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Protecting your Devices and Resolving Security issues

  • Lehigh uses two software packages to monitor Lehigh-owned computers for malware and viruses: Malwarebytes Anti-Malware, and Avast Business Security.  These applications are centrally managed by the LTS Security team, and continuously updated.  
  • LAN File Storage servers (which house the H: and I: drives) are automatically scanned for infected files using Symantec AV, with alerts going directly to system administrators.  
  • Phishing - Google can help minimize the effect of email scams when they're notified.  
    • To report a scam email:  With the questionable message open in Lehigh Gmail, select the vertical ellipsis (three dots) next to the 'Reply' button and choose 'Report Phishing'.
  • Watch the Securing the Human video training series for help on identifying scams, as well as a host of other security-related topics.
  • The Student Technology And Repair Services (STARS) team provides in-person, onsite, and walk-up help for students, including fixing problems from virus/malware infections, hardware problems, and configuration issues.

Encryption

  • Faculty and Staff computers running Windows are encrypted using Microsoft's BitLocker whole disk encryption technology.  MacOS systems use Apple's FileVault full-disk encryption (FileVault 2).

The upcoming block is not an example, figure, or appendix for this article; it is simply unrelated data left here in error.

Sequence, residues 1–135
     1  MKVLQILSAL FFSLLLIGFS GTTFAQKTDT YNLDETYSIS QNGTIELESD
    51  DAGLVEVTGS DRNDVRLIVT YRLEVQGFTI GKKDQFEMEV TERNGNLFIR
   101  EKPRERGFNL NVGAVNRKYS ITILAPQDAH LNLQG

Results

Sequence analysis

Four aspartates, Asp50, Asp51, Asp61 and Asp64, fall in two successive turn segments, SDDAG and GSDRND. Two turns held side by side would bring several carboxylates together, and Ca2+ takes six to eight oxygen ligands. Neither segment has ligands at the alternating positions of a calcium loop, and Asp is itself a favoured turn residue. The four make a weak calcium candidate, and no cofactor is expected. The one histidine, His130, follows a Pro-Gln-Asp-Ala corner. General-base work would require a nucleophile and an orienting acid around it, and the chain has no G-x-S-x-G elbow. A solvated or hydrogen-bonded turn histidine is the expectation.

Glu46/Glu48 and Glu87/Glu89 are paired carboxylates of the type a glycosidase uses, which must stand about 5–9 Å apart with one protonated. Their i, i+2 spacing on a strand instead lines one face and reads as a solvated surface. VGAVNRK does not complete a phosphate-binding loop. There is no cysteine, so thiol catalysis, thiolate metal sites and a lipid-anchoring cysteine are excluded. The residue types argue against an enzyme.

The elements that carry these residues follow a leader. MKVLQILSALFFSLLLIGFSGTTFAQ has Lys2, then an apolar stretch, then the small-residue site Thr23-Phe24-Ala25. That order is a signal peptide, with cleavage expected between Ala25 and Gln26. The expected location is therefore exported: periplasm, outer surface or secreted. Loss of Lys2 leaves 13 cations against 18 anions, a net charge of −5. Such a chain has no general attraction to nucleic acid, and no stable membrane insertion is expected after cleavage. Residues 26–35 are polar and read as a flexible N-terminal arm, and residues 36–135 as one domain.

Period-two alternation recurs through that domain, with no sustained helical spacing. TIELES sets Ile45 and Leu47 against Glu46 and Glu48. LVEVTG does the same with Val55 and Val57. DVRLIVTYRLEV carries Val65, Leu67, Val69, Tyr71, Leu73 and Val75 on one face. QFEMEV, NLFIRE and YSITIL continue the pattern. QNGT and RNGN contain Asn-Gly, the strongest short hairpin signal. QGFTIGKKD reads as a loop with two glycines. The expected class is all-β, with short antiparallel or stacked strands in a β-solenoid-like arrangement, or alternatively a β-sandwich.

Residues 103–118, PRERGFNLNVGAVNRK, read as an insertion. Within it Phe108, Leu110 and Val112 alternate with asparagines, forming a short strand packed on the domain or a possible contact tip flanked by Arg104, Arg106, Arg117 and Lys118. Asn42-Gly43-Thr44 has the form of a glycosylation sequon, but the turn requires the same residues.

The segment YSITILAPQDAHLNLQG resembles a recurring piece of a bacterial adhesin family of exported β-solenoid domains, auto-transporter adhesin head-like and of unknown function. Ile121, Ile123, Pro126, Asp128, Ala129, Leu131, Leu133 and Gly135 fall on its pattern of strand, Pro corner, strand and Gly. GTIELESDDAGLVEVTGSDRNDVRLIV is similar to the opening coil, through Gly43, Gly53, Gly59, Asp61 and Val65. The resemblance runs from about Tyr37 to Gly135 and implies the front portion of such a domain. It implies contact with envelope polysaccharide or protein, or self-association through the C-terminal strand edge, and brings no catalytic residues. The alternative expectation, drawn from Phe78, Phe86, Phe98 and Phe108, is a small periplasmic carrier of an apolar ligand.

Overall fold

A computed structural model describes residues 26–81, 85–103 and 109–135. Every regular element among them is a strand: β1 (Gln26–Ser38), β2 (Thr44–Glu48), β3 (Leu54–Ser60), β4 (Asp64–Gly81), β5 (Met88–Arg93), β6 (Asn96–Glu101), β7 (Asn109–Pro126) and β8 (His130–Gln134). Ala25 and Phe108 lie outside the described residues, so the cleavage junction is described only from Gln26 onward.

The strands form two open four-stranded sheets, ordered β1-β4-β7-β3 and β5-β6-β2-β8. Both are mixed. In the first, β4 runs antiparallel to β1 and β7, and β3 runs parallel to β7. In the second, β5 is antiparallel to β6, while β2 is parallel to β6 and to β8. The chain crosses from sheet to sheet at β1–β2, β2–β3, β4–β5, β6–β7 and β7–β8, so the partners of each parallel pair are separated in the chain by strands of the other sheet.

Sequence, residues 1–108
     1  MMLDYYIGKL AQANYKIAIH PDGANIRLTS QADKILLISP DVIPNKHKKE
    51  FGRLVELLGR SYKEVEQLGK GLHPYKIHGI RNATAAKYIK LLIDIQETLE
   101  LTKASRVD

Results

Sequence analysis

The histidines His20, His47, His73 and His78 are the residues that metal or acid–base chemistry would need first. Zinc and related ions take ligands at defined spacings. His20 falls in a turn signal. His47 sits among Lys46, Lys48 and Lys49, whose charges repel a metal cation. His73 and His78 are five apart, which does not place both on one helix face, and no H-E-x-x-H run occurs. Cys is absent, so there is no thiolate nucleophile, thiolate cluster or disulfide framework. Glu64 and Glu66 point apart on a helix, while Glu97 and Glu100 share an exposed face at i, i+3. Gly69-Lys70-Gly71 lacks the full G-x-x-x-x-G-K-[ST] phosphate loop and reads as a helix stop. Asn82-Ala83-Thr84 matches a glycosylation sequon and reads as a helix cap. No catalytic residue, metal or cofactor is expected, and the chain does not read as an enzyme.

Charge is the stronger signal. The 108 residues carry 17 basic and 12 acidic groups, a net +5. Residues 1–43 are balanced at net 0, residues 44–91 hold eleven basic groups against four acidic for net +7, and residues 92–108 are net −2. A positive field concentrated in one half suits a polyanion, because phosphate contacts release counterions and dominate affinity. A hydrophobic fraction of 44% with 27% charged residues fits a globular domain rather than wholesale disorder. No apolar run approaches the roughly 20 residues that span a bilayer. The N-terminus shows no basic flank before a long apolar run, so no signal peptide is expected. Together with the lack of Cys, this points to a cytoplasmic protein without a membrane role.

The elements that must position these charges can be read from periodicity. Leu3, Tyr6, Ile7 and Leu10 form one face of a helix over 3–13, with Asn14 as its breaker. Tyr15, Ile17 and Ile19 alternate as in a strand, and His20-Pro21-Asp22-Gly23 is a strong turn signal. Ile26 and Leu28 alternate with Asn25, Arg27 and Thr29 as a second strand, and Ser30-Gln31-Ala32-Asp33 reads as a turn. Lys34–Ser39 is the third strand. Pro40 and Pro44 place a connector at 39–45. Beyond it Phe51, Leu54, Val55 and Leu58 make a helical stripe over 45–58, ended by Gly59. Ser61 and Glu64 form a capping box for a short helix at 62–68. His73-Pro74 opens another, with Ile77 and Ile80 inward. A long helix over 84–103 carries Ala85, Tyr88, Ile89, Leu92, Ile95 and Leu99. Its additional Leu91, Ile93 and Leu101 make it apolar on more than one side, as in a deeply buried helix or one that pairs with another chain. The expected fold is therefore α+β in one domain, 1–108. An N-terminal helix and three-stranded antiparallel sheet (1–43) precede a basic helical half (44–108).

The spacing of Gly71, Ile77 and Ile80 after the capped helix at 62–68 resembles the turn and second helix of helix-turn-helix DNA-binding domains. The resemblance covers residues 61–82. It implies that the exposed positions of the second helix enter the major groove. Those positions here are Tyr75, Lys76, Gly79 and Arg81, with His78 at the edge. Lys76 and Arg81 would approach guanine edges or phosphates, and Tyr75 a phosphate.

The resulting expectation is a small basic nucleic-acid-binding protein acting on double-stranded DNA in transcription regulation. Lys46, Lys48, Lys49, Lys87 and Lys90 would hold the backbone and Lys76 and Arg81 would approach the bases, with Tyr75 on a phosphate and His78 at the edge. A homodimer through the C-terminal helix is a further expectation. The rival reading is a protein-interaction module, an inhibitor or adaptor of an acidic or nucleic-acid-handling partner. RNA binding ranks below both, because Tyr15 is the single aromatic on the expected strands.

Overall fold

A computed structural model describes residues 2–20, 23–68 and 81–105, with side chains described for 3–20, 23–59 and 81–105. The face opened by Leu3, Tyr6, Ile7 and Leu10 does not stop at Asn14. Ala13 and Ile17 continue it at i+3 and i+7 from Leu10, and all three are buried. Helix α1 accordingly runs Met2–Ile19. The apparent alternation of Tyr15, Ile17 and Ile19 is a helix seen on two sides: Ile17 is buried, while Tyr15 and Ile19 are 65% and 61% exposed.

• Keys are 'escrowed' by LTS, so that the university can retrieve data if needed.
  • If you see a message on your PC prompting for Recovery Key ID, you'll need a BitLocker recovery key to continue booting your computer.  

About Backups

  • Regardless of steps taken to protect your device and data, backups are crucial.  Please read LTS's Overview of Backup Options.
  • Lehigh expects that work product files are stored on LAN file servers, which are backed up by LTS.
  • For automatic backup of files stored on individual desktop systems, Code42 Crashplan is available and highly recommended for Faculty and Staff. 
  • If you have local files but cannot purchase software, you should at least backup important files using a free tool such as the Apple's Time Machine for macOS, Google Backup and Sync, or 'Backup and Restore' in Windows.